Dr. Joanna Chiu
Have you or someone you know been affected by sleep disorders, depression, or even drug or alcohol addiction. Believe it or not this may be linked to how and when you sleep...which is actually controlled by when you eat.
Dr. Joanna Chiu, Professor of Entomology at UC Davis, studies the animal circadian clock and its control on organismal physiology. Besides being indispensable for the control of daily activities, defects in circadian rhythms and clock genes have also been implicated in a wide range of human disorders. The Chiu lab's goal is to dissect the molecular network and cellular mechanisms that control the circadian oscillator in animals, and investigate how this clock interacts with the environment and metabolism to drive rhythms of physiology and behavior.
Dr. Holly Bik
If you've ever had a pet or known someone with a pet, you probably know what a round worm is, but did you know these are nematodes? 180 years of visualizing these fascinating worms gives us insight into biodiversity, evolution, and marine ecosystems. This week Dr. Holly Bik from the University of California, Riverside guides us through an exploration of these mysterious deep sea creatures using both ancient and novel techniques.
Dr. John Stark
N at work. What is N? N, or nitrogen, is one of the most abundant gases in the atmosphere and is an elemental building block of life. But we can't use N from the atmosphere, we need help nitrogen fixing bacteria and plants to acquire N in a form we can use. Dr. John Stark from Utah State explains N, how it flows through natural ecosystems, and the organisms that make it work!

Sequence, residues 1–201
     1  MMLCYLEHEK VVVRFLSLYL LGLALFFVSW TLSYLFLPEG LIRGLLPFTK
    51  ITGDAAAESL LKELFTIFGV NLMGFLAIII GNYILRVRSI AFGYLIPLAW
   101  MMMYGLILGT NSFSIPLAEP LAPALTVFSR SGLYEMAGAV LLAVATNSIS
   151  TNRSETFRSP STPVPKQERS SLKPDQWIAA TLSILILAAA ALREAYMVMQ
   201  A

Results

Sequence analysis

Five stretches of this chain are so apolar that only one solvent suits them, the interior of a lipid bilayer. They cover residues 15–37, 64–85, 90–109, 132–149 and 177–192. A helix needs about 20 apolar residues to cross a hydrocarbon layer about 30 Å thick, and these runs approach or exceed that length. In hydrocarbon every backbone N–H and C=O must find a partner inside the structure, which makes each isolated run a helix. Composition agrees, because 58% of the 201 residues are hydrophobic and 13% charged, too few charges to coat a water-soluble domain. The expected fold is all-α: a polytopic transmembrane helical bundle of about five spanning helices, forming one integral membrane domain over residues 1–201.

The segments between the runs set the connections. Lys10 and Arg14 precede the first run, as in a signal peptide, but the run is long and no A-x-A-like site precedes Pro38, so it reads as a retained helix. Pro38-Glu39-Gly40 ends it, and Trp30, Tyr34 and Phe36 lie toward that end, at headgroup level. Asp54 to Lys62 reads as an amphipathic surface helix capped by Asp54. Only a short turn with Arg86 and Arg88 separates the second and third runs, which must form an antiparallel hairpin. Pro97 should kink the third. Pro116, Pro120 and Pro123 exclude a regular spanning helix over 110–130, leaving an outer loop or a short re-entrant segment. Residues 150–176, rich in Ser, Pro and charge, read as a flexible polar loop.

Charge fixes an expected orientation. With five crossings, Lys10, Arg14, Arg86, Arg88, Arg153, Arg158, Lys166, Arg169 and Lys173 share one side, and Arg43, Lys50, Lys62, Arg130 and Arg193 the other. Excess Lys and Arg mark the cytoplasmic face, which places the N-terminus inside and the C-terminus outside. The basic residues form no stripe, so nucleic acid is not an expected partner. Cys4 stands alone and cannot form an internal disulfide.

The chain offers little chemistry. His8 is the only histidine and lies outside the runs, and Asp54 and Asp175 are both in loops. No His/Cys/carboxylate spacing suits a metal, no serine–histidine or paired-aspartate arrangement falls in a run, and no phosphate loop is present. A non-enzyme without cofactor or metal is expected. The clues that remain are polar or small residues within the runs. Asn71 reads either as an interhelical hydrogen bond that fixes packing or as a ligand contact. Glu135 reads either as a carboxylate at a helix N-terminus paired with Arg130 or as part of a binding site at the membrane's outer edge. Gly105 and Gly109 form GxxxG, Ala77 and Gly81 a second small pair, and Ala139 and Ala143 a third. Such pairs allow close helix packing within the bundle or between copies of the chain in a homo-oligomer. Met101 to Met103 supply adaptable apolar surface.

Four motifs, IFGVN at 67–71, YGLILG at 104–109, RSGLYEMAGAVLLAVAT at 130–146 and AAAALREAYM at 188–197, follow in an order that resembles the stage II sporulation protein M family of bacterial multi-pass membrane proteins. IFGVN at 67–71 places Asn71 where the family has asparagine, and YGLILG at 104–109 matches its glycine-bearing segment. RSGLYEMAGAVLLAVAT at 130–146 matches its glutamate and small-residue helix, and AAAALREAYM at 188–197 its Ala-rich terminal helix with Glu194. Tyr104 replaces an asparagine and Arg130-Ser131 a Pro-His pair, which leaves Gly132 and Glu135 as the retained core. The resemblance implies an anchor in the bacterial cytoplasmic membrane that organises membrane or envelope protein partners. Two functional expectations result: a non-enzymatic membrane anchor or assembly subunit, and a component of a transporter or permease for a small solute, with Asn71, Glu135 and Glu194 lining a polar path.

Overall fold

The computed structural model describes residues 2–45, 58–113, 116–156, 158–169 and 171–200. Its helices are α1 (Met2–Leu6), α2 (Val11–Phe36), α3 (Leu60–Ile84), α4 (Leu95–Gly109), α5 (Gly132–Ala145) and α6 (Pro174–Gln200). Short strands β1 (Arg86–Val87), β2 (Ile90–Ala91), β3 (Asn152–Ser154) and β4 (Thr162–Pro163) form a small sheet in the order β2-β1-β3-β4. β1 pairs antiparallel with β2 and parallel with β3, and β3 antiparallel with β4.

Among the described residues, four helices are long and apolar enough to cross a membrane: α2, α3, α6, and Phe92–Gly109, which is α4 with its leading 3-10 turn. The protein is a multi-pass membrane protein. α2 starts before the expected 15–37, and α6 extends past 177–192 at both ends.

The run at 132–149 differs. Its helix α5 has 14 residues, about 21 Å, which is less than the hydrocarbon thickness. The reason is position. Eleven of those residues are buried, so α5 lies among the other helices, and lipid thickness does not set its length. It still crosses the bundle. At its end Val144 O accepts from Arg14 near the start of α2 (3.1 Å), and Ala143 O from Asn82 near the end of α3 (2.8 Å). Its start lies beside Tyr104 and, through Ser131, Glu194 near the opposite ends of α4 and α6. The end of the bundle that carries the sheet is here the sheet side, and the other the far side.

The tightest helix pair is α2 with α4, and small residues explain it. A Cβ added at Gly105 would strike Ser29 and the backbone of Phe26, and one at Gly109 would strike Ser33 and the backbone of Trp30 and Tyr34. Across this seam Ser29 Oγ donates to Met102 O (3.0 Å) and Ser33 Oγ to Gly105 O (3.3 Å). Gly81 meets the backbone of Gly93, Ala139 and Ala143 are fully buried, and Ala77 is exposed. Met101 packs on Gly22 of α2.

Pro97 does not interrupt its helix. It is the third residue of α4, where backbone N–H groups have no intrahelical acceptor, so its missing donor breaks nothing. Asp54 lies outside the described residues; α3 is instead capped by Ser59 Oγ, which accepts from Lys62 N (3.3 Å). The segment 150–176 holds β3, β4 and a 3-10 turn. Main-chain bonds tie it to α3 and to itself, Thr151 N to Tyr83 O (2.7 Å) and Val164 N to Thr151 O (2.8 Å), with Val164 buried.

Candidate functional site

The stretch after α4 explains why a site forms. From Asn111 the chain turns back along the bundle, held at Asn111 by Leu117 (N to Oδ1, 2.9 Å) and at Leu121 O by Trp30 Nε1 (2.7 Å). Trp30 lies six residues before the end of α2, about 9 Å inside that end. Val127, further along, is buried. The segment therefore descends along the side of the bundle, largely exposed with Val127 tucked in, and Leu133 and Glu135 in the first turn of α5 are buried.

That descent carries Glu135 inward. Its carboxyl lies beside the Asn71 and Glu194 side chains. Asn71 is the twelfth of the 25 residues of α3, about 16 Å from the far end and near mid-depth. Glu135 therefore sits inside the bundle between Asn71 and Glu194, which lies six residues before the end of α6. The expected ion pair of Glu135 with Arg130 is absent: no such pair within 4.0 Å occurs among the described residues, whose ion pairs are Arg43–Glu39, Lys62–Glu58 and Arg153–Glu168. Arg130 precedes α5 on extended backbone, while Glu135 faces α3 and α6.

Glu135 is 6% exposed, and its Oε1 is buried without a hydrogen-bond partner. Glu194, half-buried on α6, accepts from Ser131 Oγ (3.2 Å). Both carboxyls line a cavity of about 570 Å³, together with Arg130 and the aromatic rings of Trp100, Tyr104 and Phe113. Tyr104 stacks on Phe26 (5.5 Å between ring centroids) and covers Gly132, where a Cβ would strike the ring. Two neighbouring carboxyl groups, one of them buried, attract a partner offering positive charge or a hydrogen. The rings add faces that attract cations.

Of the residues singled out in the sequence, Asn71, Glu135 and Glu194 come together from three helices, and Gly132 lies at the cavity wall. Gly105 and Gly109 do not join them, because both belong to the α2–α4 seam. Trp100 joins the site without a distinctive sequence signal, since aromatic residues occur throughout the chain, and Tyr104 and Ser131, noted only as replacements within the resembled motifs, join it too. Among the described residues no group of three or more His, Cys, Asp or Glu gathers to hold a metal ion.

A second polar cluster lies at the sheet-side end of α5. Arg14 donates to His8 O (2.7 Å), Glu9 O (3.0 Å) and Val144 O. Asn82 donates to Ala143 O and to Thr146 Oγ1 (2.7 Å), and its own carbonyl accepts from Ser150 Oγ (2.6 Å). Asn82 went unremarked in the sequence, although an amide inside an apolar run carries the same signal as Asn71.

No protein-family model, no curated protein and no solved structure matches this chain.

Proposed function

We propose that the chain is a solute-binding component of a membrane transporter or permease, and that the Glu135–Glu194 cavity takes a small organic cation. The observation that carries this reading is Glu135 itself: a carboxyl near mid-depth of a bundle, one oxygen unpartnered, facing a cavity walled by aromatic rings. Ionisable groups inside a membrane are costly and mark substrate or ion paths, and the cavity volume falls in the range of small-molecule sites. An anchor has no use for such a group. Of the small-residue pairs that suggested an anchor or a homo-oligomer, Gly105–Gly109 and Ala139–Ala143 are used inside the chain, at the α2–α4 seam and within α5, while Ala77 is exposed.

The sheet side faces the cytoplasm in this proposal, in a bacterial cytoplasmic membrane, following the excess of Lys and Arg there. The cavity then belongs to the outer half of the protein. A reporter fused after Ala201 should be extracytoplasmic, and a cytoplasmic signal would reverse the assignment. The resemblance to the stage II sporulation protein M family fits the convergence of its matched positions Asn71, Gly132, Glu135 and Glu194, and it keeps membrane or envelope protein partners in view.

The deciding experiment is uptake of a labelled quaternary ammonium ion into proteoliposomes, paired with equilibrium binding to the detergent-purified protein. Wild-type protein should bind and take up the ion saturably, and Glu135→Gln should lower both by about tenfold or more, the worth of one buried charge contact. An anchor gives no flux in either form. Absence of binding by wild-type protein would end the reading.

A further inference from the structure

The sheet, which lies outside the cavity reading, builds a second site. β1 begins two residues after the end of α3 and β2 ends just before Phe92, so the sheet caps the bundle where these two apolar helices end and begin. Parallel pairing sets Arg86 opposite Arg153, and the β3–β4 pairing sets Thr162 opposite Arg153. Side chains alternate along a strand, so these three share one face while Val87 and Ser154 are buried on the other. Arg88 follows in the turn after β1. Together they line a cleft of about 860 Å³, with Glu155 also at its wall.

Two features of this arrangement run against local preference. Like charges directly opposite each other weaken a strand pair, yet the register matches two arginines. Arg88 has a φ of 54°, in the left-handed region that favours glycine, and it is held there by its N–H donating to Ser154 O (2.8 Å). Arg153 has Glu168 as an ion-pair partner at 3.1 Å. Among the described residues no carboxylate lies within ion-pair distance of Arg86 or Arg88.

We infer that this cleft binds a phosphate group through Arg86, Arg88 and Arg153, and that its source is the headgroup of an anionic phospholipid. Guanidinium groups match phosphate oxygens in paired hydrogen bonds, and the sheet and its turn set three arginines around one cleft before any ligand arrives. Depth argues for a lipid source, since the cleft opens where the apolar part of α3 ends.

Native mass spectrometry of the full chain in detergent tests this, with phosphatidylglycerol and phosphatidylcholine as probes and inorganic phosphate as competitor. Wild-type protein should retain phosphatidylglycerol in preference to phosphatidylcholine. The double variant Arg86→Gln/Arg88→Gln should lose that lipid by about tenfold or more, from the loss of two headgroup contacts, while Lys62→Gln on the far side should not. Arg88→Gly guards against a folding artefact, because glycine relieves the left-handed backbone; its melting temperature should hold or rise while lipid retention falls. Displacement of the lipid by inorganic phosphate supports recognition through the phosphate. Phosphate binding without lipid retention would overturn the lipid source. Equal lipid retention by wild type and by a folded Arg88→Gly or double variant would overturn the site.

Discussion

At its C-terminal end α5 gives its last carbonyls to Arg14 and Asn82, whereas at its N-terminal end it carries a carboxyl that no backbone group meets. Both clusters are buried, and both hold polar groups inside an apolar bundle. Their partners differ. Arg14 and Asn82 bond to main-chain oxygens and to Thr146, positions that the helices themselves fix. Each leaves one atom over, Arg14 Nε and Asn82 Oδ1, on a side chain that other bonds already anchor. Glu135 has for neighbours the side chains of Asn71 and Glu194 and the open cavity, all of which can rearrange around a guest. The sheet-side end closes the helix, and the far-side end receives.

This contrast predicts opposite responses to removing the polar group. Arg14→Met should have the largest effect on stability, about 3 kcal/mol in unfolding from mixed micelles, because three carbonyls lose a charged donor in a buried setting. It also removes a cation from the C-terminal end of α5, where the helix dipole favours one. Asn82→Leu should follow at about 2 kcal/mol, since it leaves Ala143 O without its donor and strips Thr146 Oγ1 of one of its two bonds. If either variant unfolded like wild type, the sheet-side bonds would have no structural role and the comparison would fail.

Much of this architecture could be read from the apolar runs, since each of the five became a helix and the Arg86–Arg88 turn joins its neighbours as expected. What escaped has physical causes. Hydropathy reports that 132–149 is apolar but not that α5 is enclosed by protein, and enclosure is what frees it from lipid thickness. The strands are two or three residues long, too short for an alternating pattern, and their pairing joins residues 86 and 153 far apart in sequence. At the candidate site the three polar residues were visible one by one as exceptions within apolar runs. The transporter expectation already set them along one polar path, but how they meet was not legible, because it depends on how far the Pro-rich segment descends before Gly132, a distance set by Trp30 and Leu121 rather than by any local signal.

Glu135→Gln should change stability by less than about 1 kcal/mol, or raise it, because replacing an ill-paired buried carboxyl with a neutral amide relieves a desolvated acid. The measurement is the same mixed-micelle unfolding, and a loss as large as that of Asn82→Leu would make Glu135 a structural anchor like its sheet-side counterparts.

Dr. Otger Campas
How do cells interact with their physical environment? Dr. Otger Campas from the University of California, Santa Barbara joins RadioBio to discuss the physical properties of cells and how the interactions between cells and their environment shape cell and organism development.
Dr. Embriette Hyde
You may have heard about the human microbiome or even the pro-biotic fad, but how much do you really know about the micro-organisms that live on and in you? Dr. Embriette Hyde from UC San Diego discusses her work with the American Gut Project on understanding the world of human microbiome. This work could lead to advances in our understanding of both the human health and human disease.
Dr. marie-Claire chelini
Have you ever wondered why males and females of a species are different sizes, shapes, and colors? Dr. Marie-Claire Chelini, University of California Presidential Post-doctoral Fellow, discusses her research on the evolution of sexual size dimorphism in crab spiders.
Dr. zachary knight
Everyone knows what hunger feels like and understands the drive to seek food when hungry, but how does it work? Dr. Zachary Knight from UCSF joins RadioBio to discuss his work on understanding the pathways in the brain that sense hunger to drive behavior. Knight's work is revealing new insights into how the brain makes decisions about food, whether it looks tasty, and how hunger dictates behavior. These results could lead to important advances in our understanding of eating disorders.
Dr. Aaron Gitler
How do misfolded proteins cause human neurodegenerative diseases, like Alzheimer's, ALS, and Parkinson's? The Gitler lab at Stanford University studies the cellular biology underlying protein-misfolding diseases using the model organism yeast. Since dealing with misfolded proteins is an evolutionary problem, they hypothesize that the mechanisms employed to cope with misfoldings is likely conserved from yeast to humans. Gitler's long-term goal is to identify the critical genes and cellular pathways affected by misfolded human disease proteins.